Do you believe that "small ball" wins the World Series or do you fall in with the camp that says "chicks dig the long ball"? If you're a fan of swinging for the fences, Humana (NYSE:HUM) might be a health plan company more up your power alley. While I've previously expressed nervousness with the company's aggressive underwriting philosophy, that strategy now appears to be paying off.

Humana reported robust financial results, since the company has been absorbing a much greater amount of Medicare business. As the ranks of its prescription drug plan membership swelled, revenue was up more than 52%, and overall medical membership rose 57%. Here's something to keep in mind, though -- while it's true that the company beat estimates, operating income was up 16%, net income was up 10%, and the margins in prescription drug business were on the low end of guidance. That doesn't exactly vanquish the worries that Humana bit off more than it may be able to chew.

With the huge influx of new members, I'm not sure what to make of the medical expense trends. The medical loss ratio was up both annually and sequentially, and up is bad. But the business is different now, so it will take a little longer to get a sense of how Humana is executing on cost control.

UnitedHealth (NYSE:UNH), WellPoint (NYSE:WLP), and Aetna (NYSE:AET) all have Medicare businesses and prescription drug plans, but not to the same degree as Humana. And that's the good news/bad news for Humana -- if they bid this Medicare business right, they'll see growth in a time when other health insurers are fighting to grow membership rolls and control medical expenses (to preserve the profit growth to which investors have become accustomed). If they bid wrong ... well, it won't work out so well.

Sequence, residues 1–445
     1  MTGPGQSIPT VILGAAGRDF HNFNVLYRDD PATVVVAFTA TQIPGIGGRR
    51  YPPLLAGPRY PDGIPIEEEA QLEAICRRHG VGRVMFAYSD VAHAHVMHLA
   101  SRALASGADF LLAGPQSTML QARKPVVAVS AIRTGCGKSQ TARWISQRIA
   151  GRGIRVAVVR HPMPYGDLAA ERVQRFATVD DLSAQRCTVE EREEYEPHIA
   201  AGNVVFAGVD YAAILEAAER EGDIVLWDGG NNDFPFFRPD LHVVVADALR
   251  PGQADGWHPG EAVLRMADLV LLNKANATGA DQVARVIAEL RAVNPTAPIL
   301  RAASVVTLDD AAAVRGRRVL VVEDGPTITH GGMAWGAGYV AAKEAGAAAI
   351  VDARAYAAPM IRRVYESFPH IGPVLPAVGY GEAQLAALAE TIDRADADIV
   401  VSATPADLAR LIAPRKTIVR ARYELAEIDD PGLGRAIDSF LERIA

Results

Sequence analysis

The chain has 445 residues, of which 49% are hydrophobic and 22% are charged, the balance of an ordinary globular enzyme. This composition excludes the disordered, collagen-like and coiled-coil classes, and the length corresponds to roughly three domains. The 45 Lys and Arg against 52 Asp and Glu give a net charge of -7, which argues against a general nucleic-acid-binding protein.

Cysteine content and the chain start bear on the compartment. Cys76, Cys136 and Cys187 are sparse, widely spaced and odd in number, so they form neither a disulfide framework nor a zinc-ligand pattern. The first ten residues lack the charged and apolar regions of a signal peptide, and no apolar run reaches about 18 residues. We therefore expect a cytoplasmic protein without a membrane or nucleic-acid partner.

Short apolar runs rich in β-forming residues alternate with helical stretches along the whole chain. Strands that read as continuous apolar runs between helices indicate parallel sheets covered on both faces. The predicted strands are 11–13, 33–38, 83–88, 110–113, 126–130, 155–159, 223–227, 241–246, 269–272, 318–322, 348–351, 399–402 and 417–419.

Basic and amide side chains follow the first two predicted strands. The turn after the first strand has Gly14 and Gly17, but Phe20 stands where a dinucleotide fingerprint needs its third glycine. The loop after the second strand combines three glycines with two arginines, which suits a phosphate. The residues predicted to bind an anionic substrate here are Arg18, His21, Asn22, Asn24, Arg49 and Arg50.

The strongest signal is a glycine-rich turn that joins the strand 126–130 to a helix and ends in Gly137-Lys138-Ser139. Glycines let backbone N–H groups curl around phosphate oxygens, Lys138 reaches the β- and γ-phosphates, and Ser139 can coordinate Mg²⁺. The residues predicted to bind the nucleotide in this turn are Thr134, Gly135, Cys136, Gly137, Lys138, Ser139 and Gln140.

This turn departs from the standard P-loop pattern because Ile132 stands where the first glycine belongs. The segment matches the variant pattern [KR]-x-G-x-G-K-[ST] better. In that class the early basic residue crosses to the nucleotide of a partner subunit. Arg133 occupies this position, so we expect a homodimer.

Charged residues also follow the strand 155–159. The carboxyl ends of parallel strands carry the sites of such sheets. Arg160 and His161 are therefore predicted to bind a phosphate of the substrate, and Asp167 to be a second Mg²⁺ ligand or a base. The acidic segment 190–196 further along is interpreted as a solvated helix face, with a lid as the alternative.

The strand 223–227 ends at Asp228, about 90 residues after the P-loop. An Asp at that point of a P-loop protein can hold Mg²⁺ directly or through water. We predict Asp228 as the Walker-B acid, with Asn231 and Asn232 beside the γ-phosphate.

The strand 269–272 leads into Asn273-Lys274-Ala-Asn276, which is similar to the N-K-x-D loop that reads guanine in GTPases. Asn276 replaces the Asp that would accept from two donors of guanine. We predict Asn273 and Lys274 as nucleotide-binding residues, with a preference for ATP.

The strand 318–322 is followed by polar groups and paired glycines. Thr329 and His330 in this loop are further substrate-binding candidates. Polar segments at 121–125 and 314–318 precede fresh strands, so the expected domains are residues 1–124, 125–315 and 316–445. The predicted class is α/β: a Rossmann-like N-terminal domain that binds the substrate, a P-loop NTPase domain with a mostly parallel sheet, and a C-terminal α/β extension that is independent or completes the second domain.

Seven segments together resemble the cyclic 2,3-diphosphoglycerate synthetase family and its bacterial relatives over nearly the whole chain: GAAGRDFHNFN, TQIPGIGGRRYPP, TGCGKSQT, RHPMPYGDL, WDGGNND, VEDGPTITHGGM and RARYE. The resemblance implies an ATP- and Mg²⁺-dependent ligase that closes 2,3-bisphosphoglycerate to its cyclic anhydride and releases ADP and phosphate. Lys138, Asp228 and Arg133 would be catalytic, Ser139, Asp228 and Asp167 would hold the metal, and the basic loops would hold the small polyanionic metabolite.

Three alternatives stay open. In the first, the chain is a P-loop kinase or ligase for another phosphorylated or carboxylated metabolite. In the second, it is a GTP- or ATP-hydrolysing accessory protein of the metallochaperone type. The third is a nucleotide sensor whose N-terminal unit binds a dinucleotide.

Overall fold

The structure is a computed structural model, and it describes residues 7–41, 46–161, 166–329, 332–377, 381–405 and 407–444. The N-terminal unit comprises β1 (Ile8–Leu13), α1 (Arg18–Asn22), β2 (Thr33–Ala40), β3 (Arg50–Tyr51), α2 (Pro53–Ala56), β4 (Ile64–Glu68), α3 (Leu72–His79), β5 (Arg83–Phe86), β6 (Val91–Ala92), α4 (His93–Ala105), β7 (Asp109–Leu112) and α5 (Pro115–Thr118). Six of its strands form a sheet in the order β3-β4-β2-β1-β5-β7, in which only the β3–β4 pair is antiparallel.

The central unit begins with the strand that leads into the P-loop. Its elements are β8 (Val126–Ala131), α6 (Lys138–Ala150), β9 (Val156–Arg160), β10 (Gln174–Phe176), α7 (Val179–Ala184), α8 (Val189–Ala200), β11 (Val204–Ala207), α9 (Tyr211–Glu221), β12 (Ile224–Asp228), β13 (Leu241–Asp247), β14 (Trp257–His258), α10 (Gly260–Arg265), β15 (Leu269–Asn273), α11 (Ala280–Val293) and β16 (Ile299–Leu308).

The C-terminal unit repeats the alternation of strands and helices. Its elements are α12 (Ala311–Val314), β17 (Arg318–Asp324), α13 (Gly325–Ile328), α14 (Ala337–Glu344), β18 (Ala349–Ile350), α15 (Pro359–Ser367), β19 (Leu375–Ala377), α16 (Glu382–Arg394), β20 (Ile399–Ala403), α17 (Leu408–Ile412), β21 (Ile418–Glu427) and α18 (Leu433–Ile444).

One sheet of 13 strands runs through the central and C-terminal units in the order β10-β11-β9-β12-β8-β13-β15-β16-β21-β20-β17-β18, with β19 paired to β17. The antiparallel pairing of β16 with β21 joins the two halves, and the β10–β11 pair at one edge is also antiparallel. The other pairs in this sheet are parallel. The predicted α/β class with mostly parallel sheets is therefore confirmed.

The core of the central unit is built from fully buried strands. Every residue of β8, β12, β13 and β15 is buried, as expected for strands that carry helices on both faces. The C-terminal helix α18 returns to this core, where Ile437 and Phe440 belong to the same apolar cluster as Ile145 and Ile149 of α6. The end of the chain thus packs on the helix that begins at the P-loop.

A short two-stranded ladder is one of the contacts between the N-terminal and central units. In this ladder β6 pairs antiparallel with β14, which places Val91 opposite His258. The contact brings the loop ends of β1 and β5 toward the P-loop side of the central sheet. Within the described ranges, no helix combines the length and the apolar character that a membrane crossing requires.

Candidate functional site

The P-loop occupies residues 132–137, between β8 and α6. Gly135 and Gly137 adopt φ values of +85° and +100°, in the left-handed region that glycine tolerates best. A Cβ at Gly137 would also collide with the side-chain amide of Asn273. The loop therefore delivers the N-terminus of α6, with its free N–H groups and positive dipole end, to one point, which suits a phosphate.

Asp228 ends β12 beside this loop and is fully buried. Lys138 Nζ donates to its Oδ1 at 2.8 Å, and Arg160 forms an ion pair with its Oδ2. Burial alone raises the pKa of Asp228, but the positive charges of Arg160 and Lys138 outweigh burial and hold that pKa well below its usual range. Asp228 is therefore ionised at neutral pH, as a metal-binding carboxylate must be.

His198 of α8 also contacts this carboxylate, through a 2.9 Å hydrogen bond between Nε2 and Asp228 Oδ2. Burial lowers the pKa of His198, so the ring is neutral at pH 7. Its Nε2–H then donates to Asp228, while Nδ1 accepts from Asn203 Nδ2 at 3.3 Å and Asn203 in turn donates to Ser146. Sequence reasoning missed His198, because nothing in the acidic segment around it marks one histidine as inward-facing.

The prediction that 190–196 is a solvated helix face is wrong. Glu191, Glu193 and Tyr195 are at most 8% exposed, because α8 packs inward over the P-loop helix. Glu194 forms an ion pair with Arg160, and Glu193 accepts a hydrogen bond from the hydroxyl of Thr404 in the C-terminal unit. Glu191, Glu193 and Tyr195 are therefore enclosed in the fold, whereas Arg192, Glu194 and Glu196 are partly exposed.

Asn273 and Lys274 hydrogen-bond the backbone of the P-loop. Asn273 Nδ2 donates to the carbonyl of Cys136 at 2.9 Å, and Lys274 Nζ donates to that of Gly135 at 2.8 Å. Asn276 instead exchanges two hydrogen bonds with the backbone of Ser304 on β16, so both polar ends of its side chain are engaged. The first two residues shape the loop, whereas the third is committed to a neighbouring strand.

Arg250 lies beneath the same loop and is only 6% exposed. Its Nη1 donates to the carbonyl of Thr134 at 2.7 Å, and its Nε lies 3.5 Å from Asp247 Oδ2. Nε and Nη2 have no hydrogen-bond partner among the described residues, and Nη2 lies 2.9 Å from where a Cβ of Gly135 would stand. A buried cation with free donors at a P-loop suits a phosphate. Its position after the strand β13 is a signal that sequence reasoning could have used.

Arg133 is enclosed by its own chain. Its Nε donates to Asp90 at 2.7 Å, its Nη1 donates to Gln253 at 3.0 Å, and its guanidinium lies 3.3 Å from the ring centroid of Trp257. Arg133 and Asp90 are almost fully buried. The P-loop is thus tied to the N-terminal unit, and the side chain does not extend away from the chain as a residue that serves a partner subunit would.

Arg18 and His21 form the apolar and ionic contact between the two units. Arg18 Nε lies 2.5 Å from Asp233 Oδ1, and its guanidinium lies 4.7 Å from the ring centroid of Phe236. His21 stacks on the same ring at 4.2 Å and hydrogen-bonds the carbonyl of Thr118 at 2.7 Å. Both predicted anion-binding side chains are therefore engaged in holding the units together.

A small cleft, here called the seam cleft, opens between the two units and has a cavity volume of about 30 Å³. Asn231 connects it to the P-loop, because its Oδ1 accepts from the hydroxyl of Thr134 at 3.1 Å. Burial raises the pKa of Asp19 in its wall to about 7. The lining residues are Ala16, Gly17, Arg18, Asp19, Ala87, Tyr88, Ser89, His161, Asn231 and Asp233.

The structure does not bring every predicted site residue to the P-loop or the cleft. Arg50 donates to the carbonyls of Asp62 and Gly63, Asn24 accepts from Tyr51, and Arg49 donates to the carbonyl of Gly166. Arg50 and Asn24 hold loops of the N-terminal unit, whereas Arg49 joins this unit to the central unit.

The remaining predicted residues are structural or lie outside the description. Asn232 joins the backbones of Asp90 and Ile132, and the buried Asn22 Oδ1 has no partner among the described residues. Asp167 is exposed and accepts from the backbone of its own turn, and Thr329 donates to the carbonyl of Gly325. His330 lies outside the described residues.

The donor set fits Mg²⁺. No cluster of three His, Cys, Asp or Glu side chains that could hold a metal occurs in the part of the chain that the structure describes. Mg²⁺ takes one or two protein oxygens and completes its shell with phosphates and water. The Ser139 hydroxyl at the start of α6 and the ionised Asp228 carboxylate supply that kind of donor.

A few years from now, I'm betting people will look back and either applaud the company's aggressive foresight or mock its pretensions and mistakes. Since I really don't know which way it's going to go and don't have much confidence in the stock, I won't be buying these shares for myself.

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Fool contributor Stephen Simpson has no financial interest in any stocks mentioned (that means he's neither long nor short the shares).